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this stuff. I'm just kidding. What do I do for fun? Well, I cheer on my kids and their activities. They're both high schoolers now. But they've done all kinds of activities, sports and theater and things like that. I also enjoy cooking. I also love to be outside as much as possible. So whether I'm hiking, biking, running, playing tennis, you have it, I tried to get outside as much as possible. So in the show notes, I'm going to I'm saying this now i hope i remember to do it. I'll put links to the esteem project. And the modules project. I'll put a link to Kodak. I like Kodak a lot. So I try to tell people about that a lot. So that'll be easy for me to remember that the esteem project s t e m, enhancing statistics, Teacher Education with E modules. Is that what That's right, that stands for these are Can you describe what an E module is? Sure, yeah. Self invented term. So you know, it makes the acronym work. Right, it works with the acronyms so we had to run with it. So II modules is the idea that what the way that we're packaging our curriculum is in a learning management system ready. It's ready to import into learning management systems, you just do an import. So we've got those imports ready for the most common learning management systems like canvas and Blackboard and Moodle. Okay, so I we're calling them electronic is because we're not actually making a hardback textbook or anything, we're not even making like a PDF document of all of our stuff. They're literally electronic in the sense that they're going right into the learning management systems that are going to be used in that setting. And then they're modular, meaning you could take some and leave some others out or an even modify them to fit your particular situation. Yes.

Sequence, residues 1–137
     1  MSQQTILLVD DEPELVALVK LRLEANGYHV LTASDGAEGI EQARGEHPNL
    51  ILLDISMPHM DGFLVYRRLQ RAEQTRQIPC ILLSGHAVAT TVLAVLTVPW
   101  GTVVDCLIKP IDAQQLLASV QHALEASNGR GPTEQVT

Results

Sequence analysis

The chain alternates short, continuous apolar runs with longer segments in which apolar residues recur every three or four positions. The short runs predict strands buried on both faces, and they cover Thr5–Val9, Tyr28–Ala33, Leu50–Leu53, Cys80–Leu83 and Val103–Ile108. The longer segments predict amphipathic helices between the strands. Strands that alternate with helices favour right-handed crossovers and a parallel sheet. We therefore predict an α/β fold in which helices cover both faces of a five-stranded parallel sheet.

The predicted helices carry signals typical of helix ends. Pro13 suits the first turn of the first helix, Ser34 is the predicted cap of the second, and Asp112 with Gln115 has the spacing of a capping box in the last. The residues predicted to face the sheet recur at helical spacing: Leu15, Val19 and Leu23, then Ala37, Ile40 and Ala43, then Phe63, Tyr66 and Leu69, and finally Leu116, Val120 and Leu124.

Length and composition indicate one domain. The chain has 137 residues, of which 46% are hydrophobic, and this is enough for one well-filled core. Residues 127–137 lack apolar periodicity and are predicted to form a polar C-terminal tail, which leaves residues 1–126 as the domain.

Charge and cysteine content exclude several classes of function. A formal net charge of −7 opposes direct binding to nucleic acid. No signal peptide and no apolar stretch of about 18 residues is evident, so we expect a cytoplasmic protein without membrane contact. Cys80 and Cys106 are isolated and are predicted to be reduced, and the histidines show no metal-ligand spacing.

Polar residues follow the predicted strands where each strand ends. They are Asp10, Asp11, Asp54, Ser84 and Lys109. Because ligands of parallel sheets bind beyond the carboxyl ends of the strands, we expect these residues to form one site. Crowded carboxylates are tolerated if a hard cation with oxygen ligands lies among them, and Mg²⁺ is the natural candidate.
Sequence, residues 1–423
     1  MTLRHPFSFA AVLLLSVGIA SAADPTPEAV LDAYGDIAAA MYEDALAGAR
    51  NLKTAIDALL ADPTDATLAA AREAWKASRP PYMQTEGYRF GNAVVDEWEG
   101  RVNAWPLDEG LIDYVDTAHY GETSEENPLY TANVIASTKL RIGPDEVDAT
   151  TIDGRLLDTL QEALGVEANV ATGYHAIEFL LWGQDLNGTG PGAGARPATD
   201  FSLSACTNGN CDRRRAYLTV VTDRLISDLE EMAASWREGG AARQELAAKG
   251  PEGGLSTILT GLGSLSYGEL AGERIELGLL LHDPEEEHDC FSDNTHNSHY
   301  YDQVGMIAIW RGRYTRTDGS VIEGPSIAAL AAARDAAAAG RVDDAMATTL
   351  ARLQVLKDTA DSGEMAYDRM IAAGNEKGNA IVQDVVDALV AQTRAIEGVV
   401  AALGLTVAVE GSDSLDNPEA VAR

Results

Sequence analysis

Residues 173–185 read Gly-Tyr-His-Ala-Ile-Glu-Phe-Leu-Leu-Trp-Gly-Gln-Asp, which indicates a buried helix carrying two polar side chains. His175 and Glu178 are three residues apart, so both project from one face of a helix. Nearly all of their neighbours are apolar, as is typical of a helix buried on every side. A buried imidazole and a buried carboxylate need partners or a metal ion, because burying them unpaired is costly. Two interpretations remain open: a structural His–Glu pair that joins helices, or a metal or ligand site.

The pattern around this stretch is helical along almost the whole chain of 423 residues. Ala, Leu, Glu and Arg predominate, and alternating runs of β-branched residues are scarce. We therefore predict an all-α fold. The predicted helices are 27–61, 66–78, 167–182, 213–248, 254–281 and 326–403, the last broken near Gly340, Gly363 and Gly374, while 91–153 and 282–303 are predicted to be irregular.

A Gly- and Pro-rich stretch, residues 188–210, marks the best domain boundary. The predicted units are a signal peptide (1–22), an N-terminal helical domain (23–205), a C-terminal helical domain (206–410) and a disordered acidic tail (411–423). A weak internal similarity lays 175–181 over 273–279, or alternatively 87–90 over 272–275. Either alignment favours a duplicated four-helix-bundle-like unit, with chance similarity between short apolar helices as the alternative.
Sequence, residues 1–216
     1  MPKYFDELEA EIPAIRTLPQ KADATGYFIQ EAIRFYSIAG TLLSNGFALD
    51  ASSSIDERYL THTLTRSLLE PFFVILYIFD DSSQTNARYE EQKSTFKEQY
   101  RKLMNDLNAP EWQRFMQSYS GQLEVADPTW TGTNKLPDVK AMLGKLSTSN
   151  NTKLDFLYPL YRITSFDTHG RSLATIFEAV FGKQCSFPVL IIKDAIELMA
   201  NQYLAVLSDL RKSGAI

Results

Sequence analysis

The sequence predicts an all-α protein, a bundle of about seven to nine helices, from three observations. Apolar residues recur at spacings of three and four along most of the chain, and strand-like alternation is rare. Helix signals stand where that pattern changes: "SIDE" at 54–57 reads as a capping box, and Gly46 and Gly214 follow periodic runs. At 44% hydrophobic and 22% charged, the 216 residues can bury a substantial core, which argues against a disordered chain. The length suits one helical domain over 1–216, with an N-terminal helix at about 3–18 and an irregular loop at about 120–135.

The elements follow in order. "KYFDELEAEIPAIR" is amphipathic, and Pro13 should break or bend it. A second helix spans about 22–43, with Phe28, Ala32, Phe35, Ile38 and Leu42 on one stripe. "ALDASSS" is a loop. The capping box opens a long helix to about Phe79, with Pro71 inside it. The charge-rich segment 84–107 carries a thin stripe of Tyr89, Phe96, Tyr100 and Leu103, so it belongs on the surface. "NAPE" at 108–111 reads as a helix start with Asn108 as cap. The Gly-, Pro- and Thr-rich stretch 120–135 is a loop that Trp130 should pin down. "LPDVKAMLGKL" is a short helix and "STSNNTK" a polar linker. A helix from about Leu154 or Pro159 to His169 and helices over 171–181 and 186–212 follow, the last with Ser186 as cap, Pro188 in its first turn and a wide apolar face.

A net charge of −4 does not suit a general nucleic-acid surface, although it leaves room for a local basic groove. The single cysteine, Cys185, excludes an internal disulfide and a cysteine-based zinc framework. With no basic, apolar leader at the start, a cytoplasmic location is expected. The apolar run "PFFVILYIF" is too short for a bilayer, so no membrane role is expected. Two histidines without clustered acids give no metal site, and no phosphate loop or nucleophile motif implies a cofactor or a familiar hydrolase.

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Okay. We want them to work for whatever situation people find themselves in. We have what we call the foundation module, which is like the core thing that we want, if you're going to do anything you need to start there. But in addition to that, we also have two other modules that focus on areas of statistics that are very important to society important in terms of what the curriculum standards say k 12. Students should be learning and important with respect to we know teachers need help and learning how to teach them